HIF-triggered complex system for pH stabilization. MCT Monocarboxylate exchanger, CAIX Carbonic anhydrase 9, NHE 1 Sodium/hydrogen exchanger

In our opinion, the same effects are another hallmark of OSCC development as described by Guo and co-workers for gastric cancer [67, 68]. The HIF-1α-mediated hypoxia-dependent down-regulation of E-cadherin and upregulation of N-cadherin is caused by the activation of the transcription factor SNAI2 thereby promoting EMT of tumor cells. Therefore, the aberrant HIF-1α and SNAI2 expression combined with the cadherin switch has been suggested as potential risk marker for predicting metastasis and clinical prognosis [68]. Furthermore, the switch to anaerobic metabolism the genetic instability of OSCC cells greatly increases [44].

Tumor microenvironment and epithelial-mesenchymal transition (EMT)

When hypoxia results in epithelial mesenchymal transition, the resultant reduction in adherence and the change of cytoskeleton enables migration leading to metastasis. The hostile microenvironment, which is created by hypoxic events, combined with the presence of growth factors and cytokines are the crucial initiating events leading to this complex transition. EMT is classified as three different subtypes based on different biological settings, which causes various functional consequences. Type 1 EMT is considered to be associated with implantation, embryogenesis, and organ development. Type 2 EMT occurs in organ fibrosis, whereas Type 3 EMT occurs in carcinogenesis [69]. During the progression to metastatic competence, the OSCC cells enter into a metabolic and survival reprogramming process. This allows the OSCC cells to acquire features similar to mesenchymal cells that may significantly impart invasiveness, changes in adhesive properties, activation of motility and the degradation of the extracellular matrix. Major signaling pathways, which are commonly implicated in epithelial-mesenchymal transition, include TGF-β, Wnt, Notch, Hedgehog, and others. These pathways converge on several transcription factors, including zinc finger proteins Snail and SNAI2, Twist, ZEB1/2, and Smads. These factors interact with one another and others to provide crosstalk between the relevant signaling pathways [70].

Although hypoxia-induced EMT signalling occurs in all tumor cell populations, only the stem-like cells acquire high migratory potential, which suggests that these cells are potentially responsible for invasion and consequently metastasis [71]. Furthermore, in the presence of hypoxia, the utilization of epigenetic mechanisms of gene regulation could play an important role in aggressive behaviour of tumors.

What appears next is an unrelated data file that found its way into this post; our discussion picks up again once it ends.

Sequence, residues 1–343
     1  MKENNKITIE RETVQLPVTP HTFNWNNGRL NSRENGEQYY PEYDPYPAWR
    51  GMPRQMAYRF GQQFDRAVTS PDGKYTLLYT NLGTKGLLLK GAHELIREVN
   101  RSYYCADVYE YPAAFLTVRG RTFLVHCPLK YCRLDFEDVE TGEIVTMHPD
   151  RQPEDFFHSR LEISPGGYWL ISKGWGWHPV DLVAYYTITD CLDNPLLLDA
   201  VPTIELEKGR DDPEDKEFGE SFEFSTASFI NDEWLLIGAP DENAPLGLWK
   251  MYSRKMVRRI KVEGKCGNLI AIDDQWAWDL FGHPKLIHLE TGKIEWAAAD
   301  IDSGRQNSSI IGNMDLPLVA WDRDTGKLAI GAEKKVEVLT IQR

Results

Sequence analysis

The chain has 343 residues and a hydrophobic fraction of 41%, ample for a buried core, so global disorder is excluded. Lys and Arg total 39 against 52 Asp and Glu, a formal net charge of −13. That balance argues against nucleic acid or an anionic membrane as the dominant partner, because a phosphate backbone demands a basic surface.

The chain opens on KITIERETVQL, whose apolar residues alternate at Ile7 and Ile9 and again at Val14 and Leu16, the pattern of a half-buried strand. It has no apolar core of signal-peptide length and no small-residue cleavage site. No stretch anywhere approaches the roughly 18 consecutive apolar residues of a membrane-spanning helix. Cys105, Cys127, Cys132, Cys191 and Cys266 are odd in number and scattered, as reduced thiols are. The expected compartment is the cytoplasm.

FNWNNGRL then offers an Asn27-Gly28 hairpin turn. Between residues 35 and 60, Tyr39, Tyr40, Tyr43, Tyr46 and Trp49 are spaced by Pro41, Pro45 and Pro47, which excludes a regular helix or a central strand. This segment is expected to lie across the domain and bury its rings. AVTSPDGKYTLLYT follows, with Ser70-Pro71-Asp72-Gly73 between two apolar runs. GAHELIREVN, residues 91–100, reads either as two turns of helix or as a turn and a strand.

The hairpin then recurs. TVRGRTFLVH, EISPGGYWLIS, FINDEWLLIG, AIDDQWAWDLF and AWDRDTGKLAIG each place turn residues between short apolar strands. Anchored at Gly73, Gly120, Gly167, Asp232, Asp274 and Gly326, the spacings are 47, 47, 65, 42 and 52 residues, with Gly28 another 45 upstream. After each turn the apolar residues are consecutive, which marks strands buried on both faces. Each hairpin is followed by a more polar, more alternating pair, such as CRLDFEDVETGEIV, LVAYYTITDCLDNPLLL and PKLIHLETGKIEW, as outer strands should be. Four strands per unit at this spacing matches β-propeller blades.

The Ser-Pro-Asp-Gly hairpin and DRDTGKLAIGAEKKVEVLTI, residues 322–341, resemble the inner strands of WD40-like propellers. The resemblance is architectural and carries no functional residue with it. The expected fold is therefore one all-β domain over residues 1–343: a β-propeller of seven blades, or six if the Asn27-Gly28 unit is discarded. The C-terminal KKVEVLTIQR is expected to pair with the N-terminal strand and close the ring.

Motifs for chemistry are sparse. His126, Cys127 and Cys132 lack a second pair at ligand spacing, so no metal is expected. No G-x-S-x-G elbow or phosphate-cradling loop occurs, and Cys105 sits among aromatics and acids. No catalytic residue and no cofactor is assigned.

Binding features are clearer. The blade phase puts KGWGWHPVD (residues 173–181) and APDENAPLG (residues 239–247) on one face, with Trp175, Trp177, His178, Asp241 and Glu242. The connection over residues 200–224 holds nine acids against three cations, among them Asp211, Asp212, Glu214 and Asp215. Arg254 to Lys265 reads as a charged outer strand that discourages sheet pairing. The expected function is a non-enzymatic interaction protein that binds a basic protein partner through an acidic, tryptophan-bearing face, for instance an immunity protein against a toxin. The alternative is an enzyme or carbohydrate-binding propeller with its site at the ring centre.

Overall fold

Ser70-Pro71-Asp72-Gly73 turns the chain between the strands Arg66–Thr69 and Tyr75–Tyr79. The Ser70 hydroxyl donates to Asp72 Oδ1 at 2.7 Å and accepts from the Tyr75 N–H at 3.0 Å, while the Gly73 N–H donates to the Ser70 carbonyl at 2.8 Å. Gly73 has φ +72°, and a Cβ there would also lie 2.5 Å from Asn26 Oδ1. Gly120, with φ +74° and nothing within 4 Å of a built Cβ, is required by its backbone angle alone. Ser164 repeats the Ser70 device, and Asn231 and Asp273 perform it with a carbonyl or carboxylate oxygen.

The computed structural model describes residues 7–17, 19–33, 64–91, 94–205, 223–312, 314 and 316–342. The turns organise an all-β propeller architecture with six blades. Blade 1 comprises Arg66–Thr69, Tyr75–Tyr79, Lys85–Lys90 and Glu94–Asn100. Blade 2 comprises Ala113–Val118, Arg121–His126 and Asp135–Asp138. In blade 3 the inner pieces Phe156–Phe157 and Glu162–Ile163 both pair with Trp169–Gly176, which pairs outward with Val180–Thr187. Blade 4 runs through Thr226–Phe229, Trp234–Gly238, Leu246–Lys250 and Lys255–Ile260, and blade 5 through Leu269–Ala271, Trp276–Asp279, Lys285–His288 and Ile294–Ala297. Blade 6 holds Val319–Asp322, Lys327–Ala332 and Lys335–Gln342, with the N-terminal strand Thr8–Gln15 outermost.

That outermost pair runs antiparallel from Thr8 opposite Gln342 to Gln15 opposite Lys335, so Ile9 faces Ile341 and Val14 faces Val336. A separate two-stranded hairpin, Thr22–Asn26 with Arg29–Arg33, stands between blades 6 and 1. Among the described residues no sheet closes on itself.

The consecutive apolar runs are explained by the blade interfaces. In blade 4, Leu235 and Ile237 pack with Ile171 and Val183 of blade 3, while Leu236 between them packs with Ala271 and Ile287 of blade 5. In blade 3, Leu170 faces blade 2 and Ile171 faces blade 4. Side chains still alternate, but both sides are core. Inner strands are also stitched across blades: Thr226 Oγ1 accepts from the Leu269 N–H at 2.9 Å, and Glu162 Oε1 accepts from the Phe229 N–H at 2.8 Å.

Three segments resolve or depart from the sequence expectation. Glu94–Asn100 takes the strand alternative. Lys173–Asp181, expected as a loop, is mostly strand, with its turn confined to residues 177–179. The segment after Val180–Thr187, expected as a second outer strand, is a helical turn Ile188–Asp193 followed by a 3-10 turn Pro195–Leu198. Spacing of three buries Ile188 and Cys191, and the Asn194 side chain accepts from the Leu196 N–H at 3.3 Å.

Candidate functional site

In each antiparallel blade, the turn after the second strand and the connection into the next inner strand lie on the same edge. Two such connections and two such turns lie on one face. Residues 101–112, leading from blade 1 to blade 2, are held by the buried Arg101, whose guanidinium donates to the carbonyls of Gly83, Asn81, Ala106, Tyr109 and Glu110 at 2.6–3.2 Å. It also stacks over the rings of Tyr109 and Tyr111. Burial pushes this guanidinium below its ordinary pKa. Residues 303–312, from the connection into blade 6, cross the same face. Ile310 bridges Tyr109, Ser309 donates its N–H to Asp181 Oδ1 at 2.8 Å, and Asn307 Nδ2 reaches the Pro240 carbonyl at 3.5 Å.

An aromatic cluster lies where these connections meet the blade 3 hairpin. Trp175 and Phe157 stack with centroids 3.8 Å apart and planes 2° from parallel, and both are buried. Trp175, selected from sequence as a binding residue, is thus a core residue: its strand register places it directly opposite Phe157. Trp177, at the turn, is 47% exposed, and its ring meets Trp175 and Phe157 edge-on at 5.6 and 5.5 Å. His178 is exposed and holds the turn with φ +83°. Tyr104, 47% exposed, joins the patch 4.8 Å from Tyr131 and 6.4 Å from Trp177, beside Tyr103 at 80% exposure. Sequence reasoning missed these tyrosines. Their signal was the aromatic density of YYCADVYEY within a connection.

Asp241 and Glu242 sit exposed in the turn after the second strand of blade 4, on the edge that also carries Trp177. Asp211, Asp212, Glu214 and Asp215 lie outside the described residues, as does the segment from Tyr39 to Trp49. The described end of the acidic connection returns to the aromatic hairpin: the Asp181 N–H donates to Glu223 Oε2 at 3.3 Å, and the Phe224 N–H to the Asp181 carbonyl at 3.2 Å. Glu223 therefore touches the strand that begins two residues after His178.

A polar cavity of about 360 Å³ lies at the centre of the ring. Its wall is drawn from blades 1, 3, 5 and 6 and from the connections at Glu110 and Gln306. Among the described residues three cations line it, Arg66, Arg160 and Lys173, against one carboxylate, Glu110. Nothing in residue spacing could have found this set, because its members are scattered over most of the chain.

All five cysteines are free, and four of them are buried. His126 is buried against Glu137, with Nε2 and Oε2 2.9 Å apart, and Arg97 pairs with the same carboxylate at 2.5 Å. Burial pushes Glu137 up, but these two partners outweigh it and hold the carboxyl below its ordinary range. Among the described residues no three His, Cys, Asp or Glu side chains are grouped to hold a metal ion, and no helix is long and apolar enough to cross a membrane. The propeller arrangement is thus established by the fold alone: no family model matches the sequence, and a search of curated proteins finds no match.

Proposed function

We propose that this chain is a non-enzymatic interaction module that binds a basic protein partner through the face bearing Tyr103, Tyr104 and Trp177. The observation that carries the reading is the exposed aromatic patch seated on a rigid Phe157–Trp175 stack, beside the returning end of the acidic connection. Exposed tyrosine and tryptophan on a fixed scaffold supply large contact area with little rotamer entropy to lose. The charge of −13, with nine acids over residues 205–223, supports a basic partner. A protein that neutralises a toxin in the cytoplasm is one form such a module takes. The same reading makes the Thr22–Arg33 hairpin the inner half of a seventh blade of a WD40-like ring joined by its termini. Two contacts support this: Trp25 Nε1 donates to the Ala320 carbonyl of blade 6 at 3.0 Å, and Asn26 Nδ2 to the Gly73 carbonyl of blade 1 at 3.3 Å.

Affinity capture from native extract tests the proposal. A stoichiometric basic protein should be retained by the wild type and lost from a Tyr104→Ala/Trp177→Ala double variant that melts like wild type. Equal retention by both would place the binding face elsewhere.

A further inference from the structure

The tumor microenvironment appears to play a prominent role in affecting EMT changes. For example, the E-cadherin transcriptional repressor, TWIST, is positively regulated by HIF-1α [72]. It has been demonstrated that hypoxia-induced EMT in in vitro experiments is associated with increased HIF-1α and Twist expression that knock-down either HIF-1α or Twist blocks hypoxia-induced EMT [73].

There are many pathways regulating EMT. Amongst them are Notch signaling and Wnt pathways, which have been shown to be involved in the conversion of the hypoxic stimulus into EMT. They are also important in increasing both motility and invasiveness of the tumor cells [74]. The EMT program has been found to be active in the invasive front of OSCC. There is evidence of reduced E-cadherin expression at the invasive front of OSCC. Additionally, there is an association with histological invasiveness, which suggests that this protein could be a potential EMT marker, thus offering prognostic information in OSCC [75].

Moreover, there is further evidence that suggests hypoxia induced EMT in OSCC cell lines via activation through Notch signaling. Therefore, inhibition of the Notch signaling pathway to suppress EMT is possibly a useful approach for the treatment of OSCC [76]. An understanding in how hypoxia regulates EMT related transcriptome could help to identify nodes of interaction related to cancer progression. Consequently, further targeting hypoxia induced EMT could show to be an alternative therapeutic approach for the prevention and treatment of OSCC.

Distinct strategies of tumor cells to escape immune surveillance

A novel and recently emerging aspect in tumorigenesis is the crosstalk between hypoxia/HIF-1α and immune recognition/immune escape mechanisms [77]. Hypoxia has been shown to influence the repertoire and activity of immune cells in various tumor entities, including OSCC. Different strategies by which hypoxia contributes to tumoral immune escape from recognition by NK cells and cytotoxic T lymphocytes have been described [7880].